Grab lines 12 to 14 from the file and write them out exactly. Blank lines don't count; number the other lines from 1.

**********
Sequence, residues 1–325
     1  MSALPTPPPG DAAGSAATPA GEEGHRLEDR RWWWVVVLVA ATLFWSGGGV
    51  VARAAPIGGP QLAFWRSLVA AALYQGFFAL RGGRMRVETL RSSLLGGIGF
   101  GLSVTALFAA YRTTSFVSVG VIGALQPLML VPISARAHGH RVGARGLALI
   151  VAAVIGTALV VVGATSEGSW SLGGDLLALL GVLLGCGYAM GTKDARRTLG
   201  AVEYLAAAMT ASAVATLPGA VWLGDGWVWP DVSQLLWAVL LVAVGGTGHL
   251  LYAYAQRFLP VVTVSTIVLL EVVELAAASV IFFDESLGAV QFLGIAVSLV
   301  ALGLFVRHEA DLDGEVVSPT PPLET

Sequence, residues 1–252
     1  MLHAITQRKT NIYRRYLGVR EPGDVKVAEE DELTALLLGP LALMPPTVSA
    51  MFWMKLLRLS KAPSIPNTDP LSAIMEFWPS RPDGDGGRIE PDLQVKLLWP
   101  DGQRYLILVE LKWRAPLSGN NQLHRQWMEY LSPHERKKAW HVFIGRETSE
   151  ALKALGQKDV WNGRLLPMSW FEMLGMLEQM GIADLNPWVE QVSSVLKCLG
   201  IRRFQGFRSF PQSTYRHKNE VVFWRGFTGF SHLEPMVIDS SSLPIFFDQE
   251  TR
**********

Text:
   101  DGQRYLILVE LKWRAPLSGN NQLHRQWMEY LSPHERKKAW HVFIGRETSE
   151  ALKALGQKDV WNGRLLPMSW FEMLGMLEQM GIADLNPWVE QVSSVLKCLG
   201  IRRFQGFRSF PQSTYRHKNE VVFWRGFTGF SHLEPMVIDS SSLPIFFDQE